February is International Prenatal Infection Prevention Month

February is an important month for expectant families.

It’s designated International Prenatal Infection Prevention Month, a time for soon-to-be-parents to educate themselves on diseases that can be potentially fatal to unborn children.

In addition to the many sexually transmitted diseases that can have dangerous medical effects on infants, there are a number of other infections expectant mothers and fathers should be aware of; we’re highlighting some¬†below.

Preventing Prenatal Infections

Group B Strep

As the #1 cause of infectious disease-related death in newborns, Group B streptococcus is carried by 25% of all pregnant women. This bacterial infection thrives in a woman’s rectum or vagina.

At 35 to 37 weeks of pregnancy, women should be tested for Group B strep. If test results come back positive, your physician will administer antibiotics via IV during delivery, preventing your child from contracting Group B strep.Pregnant Woman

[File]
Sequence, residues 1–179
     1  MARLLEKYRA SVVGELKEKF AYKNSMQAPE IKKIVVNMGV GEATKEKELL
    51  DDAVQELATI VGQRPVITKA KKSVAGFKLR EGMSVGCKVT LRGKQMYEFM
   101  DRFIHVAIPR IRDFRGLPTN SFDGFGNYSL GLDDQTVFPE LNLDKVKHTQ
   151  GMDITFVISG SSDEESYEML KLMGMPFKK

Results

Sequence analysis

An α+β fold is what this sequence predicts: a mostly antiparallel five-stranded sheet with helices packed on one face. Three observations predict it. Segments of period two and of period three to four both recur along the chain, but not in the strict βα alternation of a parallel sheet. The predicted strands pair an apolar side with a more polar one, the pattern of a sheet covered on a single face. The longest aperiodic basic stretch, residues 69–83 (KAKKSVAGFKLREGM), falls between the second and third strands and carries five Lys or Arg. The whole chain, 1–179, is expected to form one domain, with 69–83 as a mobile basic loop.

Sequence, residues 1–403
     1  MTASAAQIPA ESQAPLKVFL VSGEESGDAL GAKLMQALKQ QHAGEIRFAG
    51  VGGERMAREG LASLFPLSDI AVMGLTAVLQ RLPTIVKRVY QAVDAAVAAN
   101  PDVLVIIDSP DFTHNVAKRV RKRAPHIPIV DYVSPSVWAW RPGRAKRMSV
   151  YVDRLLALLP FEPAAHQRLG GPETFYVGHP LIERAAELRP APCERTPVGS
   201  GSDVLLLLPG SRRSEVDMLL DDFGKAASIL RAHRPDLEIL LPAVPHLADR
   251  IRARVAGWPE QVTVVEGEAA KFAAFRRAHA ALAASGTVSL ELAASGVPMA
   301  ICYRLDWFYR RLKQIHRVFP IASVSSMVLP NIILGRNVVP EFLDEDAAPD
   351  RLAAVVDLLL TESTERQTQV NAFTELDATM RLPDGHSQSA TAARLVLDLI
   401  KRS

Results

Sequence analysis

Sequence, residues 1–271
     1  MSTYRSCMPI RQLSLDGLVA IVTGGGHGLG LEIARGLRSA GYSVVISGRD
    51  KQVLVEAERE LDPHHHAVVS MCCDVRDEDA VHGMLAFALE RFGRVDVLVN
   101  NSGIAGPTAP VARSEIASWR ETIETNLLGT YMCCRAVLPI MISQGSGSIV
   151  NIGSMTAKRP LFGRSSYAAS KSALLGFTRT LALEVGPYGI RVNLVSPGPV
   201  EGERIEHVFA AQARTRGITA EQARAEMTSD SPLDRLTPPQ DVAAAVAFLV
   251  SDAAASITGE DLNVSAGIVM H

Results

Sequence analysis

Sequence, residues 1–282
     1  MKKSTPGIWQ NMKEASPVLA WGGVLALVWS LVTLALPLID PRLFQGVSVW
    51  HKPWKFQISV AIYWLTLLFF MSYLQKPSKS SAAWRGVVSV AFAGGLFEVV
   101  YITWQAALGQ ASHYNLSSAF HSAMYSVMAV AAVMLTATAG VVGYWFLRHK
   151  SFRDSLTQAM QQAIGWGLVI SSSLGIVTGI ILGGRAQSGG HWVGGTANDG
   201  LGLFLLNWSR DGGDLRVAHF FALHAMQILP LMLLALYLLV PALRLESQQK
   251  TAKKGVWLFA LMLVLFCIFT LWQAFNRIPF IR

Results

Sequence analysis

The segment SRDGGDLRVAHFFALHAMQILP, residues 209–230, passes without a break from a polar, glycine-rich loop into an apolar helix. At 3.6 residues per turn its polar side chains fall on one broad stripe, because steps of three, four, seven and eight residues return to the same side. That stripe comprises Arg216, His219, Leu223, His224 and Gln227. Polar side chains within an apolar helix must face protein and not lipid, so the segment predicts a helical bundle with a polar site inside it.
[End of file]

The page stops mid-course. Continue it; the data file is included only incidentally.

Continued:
Since Group B strep can cause serious medical conditions in infants, including sepsis, meningitis, pneumonia, or even stillbirth, it’s important for mothers to get tested and treated at delivery.

Listeriosis

While any adult can contract listeriosis, pregnant women are 20 times as likely to get this bacterial infection. The effects can be serious and include stillbirth, miscarriage, premature delivery, and potentially fatal infections in newborns.

There are steps pregnant women can take to avoid listeriosis, including avoiding the following foods that have higher risk of listeria contamination:

  • Deli meat and hot dogs (unless they have been heated until steaming)
  • Soft cheeses (unless made with pasteurized milk)
  • Chicken salad or seafood salad
  • Fresh sprouts
  • Bagged salad mixes
  • Refrigerated pates, meat spreads, and smoked seafood

Toxoplasmosis

This parasitic disease can be dangerous to the fetus if a pregnant woman contracts her first exposure to the infection while pregnant. To prevent first-time infection, pregnant women should avoid the following:

  • Handling raw meat
  • Drinking raw milk (particularly goat milk)
  • Eating raw or undercooked meat
  • Handling cat feces (felines are the top carrier of the infection)
  • Gardening (cats may defecate in the soil)

Ensure Fetal Health With ARCpoint Labs

In addition to the fetal health risks above, expectant mothers should be aware of the sexually transmitted diseases that can adversely harm unborn children.

ARCpoint Labs nationwide offer STD testing so that you can monitor your sexual health. Contact your nearest location today for assistance.

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